Archive for the ‘dystopian’ Category

San Francisco, 2017.

In an alternate time track, Hillary Clinton won the election and Donald Trump’s political ambitions were thwarted.

London, 22nd century. Decades of cataclysmic events have killed 80 per cent of humanity. A shadowy start-up hires a young woman named Verity to test a new product: a ‘cross-platform personal avatar’ that was developed by the military as a form of artificial intelligence.

Meanwhile, characters in the distant future are using technological time travel to interfere with the election unfolding in 2017. . .

Agency

William Gibson

Viking

Supplied by Penguin Random House New Zealand

Reviewed by Stephen Litten

San Francisco, 2017: Clinton’s in the White House, Brexit never happened, and Verity Jones (the app whisperer) has got a new job. The pay means she could stop couch surfing at a friend’s apartment. But within seconds of opening the app, it has decided that Verity is in danger and takes steps to ensure her safety. Meanwhile, approximately 100 years in the future, Wilf Netherton has been drawn back into the orbit of London’s Police fixer Ainsley Lowbeer to assess the threat level of a new timeline stub. Will they need to shut it down? The very one initiated by Verity and her new app, Eunice.

This is a novel told in two timelines. The chapters alternate. Mercifully, the list of characters is quite small, with Verity and Will being the point of view characters. There is an intercept, and Gibson handles it well – time travel is not invoked. Verity and Eunice try to survive the attempts to wrest control of Eunice, who turns out to be a piece of repurposed military programming. Will and Ainsley, once they’ve assessed the potential of the new timeline, have a bigger question – Who benefits? London, and what survives of the United Kingdom, is run by the Klept, a shadowy group of oligarchs who stole power after a disaster.

0I enjoyed this read. I’ve been a fan of Gibson for quite a while and he has not disappointed. It is well paced, and the two strands, action thriller (sort of) and spy-fi (sort of), mix well. It is comfortably paced, with the action scenes not overly described. Gibson, despite a tendency toward hard SF, doesn’t wallow in techno-babble. My one complaint would be the length of some of the chapters. Some are barely two pages. But then again, chapters should be as long as they need to be and no longer.

Buy this book. It’s good. The stories are resolved well, and there are no glaring plot holes. I thank Penguin for the review copy.

London is a city on wheels – a future city like you’ve never known before. In the terrible aftermath of the Sixty Minute War, cities which survived the apocalypse became predators, chasing and feeding on smaller towns. Now London is hunting down its prey, getting ready to feed. But as the chase begins, Tom uncovers a secret – a secret full of deadly consequences. Soon he is plunged into a world of unkillable enemies, threatened by a weapon that will tear his life apart…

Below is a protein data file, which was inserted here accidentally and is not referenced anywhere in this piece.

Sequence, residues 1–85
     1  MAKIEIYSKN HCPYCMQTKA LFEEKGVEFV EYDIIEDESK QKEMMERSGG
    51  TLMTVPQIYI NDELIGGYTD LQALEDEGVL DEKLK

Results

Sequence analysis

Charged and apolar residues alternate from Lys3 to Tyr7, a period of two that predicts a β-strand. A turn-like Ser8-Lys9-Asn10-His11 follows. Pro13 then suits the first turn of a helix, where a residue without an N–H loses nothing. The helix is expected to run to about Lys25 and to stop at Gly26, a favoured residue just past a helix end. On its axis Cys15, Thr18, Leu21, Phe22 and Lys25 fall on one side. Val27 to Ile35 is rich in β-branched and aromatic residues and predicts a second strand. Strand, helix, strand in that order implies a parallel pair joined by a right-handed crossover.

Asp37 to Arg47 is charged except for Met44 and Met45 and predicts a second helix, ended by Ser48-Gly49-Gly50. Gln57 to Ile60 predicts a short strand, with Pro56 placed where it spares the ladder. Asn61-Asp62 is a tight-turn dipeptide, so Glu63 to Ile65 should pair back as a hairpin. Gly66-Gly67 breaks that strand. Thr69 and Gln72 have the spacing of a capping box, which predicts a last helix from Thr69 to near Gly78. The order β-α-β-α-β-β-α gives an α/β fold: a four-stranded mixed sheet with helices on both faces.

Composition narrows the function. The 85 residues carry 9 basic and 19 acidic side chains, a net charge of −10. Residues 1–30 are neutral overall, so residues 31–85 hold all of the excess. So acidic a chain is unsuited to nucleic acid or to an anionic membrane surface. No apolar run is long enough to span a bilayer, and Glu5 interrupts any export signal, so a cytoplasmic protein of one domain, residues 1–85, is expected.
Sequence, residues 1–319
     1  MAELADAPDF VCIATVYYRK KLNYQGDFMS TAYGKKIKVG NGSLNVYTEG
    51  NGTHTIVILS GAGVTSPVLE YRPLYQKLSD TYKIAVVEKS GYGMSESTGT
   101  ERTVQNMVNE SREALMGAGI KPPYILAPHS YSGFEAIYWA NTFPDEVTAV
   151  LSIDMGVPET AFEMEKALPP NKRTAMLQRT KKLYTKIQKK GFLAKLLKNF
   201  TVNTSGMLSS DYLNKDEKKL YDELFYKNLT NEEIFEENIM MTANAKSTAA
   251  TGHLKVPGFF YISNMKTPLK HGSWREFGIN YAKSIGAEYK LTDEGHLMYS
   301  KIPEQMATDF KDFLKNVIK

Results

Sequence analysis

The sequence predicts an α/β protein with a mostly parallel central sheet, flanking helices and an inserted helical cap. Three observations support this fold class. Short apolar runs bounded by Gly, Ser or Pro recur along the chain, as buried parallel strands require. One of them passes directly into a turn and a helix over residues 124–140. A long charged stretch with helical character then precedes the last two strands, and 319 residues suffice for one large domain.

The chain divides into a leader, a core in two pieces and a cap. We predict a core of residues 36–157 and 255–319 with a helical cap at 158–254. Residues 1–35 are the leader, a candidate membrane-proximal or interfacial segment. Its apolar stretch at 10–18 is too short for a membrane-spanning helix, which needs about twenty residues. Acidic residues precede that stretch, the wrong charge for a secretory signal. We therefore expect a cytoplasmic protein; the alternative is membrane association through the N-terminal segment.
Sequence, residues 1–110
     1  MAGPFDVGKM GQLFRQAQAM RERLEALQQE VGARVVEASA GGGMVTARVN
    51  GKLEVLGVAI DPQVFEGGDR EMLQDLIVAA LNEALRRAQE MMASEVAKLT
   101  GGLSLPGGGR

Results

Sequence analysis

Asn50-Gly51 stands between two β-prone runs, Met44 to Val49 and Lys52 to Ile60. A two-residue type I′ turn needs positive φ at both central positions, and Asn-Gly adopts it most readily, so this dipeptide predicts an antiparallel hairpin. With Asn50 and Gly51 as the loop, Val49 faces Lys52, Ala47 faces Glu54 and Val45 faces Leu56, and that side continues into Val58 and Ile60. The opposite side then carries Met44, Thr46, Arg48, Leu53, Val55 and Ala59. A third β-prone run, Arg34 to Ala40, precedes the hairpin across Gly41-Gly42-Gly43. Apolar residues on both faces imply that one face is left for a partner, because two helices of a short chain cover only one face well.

Mortal Engines: Mortal Engines Quartet #1

Phillip Reeve

Scholastic

Purchased at Scholastic Book Fair

Reviewed by Jacqui Smith

Everybody was saying how good it was, and Peter Jackson was going to make the movie, so I bought the book. And as I read it, my mind refused to relax and buy into the dystopian steampunk setting. I have no trouble as a rule – I like steampunk – but the central premise, the rolling cities, made the practical part of my brain that does physics and engineering hurt. I kept thinking that the only way to do this is with antigravity – and if you’ve got that, why not go full spindizzy and make those cities fly? Yes, it’s been done, and done better, many years before – try “A Life for the Stars” from Cities in Flight by James Blish. Oh, and where on Earth did all the water go? Yes, a dried-up (or washed-out) planet is a dystopian staple, but seriously?

Admittedly, I can see why people like the characters and it’s not really a bad story, but I really can’t bring myself to pick up the next book in the series, even though I already bought a copy.

 

 

For over fifty years, no girls have been born – only boys.

The youngest and last generation of women alive are now in their fifties. Not only are their looks fading, but these greying women are humanity’s only hope for survival.

Until there is sudden hope: a girl is born. And in that moment, she instantly becomes the most important person in history.

She is their saviour.

Her name is Eve.


Penguin

Supplied by Penguin Random House New Zealand

Reviewed by Piper Mejia

Ahh young love, what could be more beautiful or exciting … only freedom.  In Giovanna and Tom Fletcher’s first foray into co-writing for a YA (young adult) audience, Eve of Man explores the idea of ‘what if you were the last woman on earth’. This novel could have been an opportunity to explore ideas of equal rights or gender roles in society, but instead the Fletcher’s focus their narrative on the power of lies. An event that so recently has victimised our own political world.

Eve, the main character, has spent her life protected in a gilded cage at the top of the tallest tower, not totally unaware of the lies that have entrapped her.  It is only with age that experience teaches Eve to take every opportunity to find the truth in her world, no matter the risk. But she is not as alone in her risk taking as she thinks.

With reminisces of Rapunzel meets The Handmaid’s Tale, this novel is the beginning of an epic journey to save the humanity from extinction. It is clear that the authors are appealing to their audience through a ‘boy rescues girl’ trope, with an illusion that Eve is the one in control of her own fate, however, there is nothing wrong with having hope that the future will be better for all of us.